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Chick Young's view

Chick Young
By Chick Young
BBC Scotland football correspondent

It's a tough ask, but George Burley is just two football matches from drawing alongside Kenny MacAskill in the popularity polls.

The Scottish Justice Minister frees prisoners: the national team manager can't seem to take any World Cup ones.

A Daily Telegraph cartoon this week depicted Alex Salmond's parliament as "haggis eating surrender monkeys". It would be nice if the newspaper were denied the opportunity to adjust it for use on their sports pages.

Of course here is a newspaper as capable of talking as much nonsense as the rest of us, for it described the Ashes win as a result in "the oldest rivalry in international sport."

Scotland manager George Burley
Burley has two games to rescue Scotland's World Cup hopes

"The Ashes" I am led to believe is, incidentally, played for in a sport which is rounders for Englishmen and Australians.

In any case England's first Test match was in 1880. Can I just point out they were already playing us at football long before then.

Or maybe our international reputation is so puny these days it doesn't even rate as rivalry any more. It's all very sad.

It is then, my countrymen, time to do something about it, to pray for the Old Firm in the European campaigns ahead, to bow our heads and beg for a miracle in the two remaining World Cup group games.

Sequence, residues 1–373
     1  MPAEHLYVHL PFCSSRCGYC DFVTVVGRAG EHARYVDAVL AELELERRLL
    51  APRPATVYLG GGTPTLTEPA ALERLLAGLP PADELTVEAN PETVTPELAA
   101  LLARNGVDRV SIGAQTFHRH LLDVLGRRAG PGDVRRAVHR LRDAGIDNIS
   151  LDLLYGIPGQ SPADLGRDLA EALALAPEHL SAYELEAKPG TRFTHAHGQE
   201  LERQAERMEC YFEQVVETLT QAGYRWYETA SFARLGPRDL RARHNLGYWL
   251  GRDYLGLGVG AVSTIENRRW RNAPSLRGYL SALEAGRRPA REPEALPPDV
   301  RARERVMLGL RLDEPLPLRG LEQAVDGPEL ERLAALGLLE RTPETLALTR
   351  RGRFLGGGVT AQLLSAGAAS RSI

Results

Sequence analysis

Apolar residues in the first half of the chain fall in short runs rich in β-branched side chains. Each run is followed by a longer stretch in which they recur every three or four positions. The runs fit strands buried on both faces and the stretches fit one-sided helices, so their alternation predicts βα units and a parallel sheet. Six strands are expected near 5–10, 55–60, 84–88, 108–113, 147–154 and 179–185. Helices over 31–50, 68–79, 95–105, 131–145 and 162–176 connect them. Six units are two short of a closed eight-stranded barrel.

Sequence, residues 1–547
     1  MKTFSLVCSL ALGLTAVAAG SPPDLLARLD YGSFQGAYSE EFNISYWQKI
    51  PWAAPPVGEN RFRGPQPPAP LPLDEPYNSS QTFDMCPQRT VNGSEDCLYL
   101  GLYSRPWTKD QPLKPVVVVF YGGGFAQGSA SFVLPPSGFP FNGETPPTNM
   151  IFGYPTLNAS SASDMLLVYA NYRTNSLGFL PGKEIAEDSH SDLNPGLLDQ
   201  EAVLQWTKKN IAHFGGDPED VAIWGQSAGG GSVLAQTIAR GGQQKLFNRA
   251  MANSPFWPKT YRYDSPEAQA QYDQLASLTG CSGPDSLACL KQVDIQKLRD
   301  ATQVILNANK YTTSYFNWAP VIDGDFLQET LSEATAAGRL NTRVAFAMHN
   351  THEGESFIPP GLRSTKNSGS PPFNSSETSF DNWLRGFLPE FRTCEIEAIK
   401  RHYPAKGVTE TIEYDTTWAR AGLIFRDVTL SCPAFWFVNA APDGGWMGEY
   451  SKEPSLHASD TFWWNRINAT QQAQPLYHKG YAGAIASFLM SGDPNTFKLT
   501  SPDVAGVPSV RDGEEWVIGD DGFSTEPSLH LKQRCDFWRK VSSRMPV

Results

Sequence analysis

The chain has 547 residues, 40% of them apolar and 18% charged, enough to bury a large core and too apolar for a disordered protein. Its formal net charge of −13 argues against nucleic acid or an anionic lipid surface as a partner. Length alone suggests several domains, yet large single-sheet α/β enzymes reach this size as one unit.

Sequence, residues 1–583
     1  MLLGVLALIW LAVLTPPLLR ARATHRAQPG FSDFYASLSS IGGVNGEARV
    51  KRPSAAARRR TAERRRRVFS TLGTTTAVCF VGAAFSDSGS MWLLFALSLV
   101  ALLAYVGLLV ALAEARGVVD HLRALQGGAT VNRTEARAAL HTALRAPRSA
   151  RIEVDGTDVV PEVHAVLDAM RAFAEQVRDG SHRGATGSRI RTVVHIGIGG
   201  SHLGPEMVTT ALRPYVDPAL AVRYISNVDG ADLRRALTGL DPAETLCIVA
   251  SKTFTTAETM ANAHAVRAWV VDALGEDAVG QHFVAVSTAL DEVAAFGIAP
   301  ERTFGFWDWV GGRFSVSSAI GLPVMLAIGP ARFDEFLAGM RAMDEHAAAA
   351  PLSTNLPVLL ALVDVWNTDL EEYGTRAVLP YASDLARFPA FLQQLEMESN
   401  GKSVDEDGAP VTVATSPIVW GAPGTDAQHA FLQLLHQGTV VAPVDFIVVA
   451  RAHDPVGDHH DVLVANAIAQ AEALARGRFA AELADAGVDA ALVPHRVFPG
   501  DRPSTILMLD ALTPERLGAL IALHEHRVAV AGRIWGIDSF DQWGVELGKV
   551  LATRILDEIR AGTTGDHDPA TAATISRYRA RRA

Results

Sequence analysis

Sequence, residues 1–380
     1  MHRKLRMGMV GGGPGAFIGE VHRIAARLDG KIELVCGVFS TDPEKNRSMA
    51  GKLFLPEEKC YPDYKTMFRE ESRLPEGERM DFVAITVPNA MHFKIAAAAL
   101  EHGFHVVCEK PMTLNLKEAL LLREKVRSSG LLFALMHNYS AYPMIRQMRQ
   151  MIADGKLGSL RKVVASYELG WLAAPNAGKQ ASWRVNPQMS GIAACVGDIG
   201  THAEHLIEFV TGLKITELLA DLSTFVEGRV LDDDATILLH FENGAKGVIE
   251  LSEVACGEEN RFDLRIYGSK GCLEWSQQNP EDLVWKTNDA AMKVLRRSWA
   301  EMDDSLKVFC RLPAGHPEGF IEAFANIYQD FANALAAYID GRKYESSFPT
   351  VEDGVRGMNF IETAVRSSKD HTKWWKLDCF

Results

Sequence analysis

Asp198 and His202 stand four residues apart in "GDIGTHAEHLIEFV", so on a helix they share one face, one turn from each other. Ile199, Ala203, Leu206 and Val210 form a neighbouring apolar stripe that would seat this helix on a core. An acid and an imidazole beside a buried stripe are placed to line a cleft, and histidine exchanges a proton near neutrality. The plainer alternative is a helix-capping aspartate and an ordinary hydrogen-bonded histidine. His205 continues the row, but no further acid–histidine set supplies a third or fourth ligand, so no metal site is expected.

Burley has done the right thing in beseeching David Weir to return to his squad. The Rangers captain has done the right thing in not taking the moral high ground - or a huff as it is sometimes called - and accepting the invitation.


Except a phrase involving bolts, stable doors and horses comes to mind.

Was the time to include the Methuselah of the Scottish game in the back four not Norway where we had to defend deep against the threat of the Leviathan John Carew?

Weir is a ridiculous age to be playing in the biggest club and international tournaments on the planet. He should be down the pub on Wednesday nights sipping a pint and talking about the good old days.

For goodness sake, the man is two years older than the manager of Barcelona.

As soon as we are officially out of this tournament - an event coming your way sometime soon - Weir's international career will be laid to rest. But to exclude him in Oslo and include him now does reek of the panic button.

Rangers defender David Weir
Weir is still going strong at the ripe old age of 39

The manager will argue that his hand has been forced because of injuries and the suspension of Gary Caldwell, but then we weren't exactly in the middle of a centre half population explosion at the beginning of August either.

However, I'm right behind any plan, whatever it takes to get a win. The season is in its infancy and already I am weary of writing obituaries about the Scottish challenge in Europe and beyond.

I have been in London all week covering the Arsenal v Celtic tie and there can be little doubt that there isn't much respect in the English press for life north of the border.

Back at the politics someone wrote that "the chief consequence of setting up the Holyrood parliament has been that 129 Scottish villages are missing their idiots" but I am no political commentator.

No, I was more perplexed by the Monday evening paper in London that concerned itself with Cesc Fabregas's chances of making the Arsenal team for the weekend match against Manchester United.

Not a whiff of a mention of the Spaniard's availability for the Celtic game.

I'm not quite sure what is worse: wallowing in despair, or just being completely ignored.

see also
Weir & Kyle recalled by Scotland
25 Aug 09 |  Internationals

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